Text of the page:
Research equipment mission approach aborted

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A mission carrying more than 2.5 tonnes of research equipment, cargo and supplies to the International Space Station (ISS) has failed to dock. A problem with the GPS system occurred on 22 February, three days into the mission, when the SpaceX supply ship Dragon was less than a mile from the ISS. The approach was aborted, although NASA has since confirmed that neither the station nor its six-person crew were in any danger. Another attempt is to be made on Thursday, 23 February. “As a pilot it is sometimes better to accelerate and circle around than attempt a difficult landing,” French astronaut Thomas Pesquet tweeted from the ISS. “Same in space – we’ll be ready tomorrow!” This is the first time SpaceX has had to abort a mission at this late stage. It occurred just hours after Russia successfully launched an ISS-bound cargo ship from Kazakhstan, the first since a failed launch in December. Dragon took off from Launch Complex 39A at NASA’s Kennedy Space Center in Florida on 19 February. It was the first commercial launch from the historic pad. One of the most important pieces of equipment being transported by Dragon is SAGE III (Strategic Aerosol and Gas Experiment). Part of one of NASA’s longest-running Earth observation programmes, it will examine the levels of ozone, aerosols, nitrogen dioxide and water vapour in the stratosphere and troposphere high above Earth. The instrument, which weighs one tonne, will be connected to the outside of the station to make daily observations over several years. Among the materials carried on board Dragon is a crystal growth experiment that will crystallise a monoclonal antibody that is undergoing clinical trials for the treatment of immunological diseases. Growing the crystal in space will allow it to develop better than it would on Earth, where gravity causes crystals to collapse on themselves, NASA says. Also on the flight are supplies that will enable further study of stem cells such as those used to treat strokes and other medical conditions. The mission is SpaceX’s 10th cargo flight to the ISS under NASA’s commercial resupply services contract. Dragon’s cargo will support dozens of the more than 250 science and research investigations scheduled for the station’s Expeditions 50 and 51. Dragon is expected to leave the space station in late March, returning with almost 2.3 tonnes of science, hardware and crew supplies.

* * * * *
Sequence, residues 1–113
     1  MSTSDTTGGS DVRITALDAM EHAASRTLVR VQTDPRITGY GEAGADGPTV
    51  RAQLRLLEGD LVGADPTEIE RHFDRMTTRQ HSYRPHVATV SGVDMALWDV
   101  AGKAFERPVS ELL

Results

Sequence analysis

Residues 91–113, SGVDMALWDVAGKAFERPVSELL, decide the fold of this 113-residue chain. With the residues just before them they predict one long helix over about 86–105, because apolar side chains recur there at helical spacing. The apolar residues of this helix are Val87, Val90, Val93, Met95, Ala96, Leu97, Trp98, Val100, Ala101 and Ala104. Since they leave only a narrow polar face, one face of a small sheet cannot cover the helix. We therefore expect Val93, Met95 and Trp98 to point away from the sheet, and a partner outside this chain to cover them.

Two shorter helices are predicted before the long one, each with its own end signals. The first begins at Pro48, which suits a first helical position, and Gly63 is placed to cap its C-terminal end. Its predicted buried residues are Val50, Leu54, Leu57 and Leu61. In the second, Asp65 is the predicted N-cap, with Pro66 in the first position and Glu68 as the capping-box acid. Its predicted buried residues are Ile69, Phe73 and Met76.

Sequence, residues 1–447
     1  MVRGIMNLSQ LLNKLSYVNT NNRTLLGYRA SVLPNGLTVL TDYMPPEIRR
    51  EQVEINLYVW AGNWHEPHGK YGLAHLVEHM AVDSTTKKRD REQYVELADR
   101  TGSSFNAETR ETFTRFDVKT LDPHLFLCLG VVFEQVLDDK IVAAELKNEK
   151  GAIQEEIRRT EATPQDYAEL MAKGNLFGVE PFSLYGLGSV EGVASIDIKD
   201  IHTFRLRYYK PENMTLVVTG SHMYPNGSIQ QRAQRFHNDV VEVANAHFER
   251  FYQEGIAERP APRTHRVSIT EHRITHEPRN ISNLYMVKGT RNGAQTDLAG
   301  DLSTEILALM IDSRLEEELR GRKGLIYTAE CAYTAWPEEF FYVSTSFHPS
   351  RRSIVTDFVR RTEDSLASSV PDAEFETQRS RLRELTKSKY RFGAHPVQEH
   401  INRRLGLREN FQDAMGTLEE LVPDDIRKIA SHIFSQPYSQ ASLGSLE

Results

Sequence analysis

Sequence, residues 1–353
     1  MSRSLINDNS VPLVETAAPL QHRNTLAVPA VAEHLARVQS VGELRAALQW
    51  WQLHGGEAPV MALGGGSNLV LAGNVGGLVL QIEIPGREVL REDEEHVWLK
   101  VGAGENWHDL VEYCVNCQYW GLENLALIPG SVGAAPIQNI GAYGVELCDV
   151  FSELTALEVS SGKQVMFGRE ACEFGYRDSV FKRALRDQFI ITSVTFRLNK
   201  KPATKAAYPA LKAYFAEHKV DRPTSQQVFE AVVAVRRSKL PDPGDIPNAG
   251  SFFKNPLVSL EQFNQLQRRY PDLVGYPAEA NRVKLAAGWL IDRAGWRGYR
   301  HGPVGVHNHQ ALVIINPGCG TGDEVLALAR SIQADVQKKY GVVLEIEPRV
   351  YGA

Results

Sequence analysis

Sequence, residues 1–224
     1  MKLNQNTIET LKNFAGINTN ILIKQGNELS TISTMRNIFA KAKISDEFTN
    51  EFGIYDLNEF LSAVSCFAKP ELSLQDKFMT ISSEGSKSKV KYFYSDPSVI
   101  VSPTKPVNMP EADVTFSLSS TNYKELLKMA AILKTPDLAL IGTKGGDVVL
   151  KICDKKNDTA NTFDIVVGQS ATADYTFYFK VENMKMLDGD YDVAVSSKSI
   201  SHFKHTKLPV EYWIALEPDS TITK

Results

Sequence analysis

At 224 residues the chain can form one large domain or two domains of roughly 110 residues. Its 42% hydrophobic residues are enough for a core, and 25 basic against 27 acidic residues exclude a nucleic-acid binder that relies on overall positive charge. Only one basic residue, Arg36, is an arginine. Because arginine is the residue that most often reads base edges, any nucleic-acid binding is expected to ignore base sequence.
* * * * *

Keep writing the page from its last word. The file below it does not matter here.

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Helen has worked for UKi Media & Events for more than a decade. She joined the company as assistant editor on Passenger Terminal World and has since progressed to become editor of five publications, covering everything from aviation, logistics and automotive to meteorology. She has a love for travel and property and has redeveloped three houses in three years. When she’s not editing magazines, she’s running around after her two boys and their partner in crime, Pete the pug.

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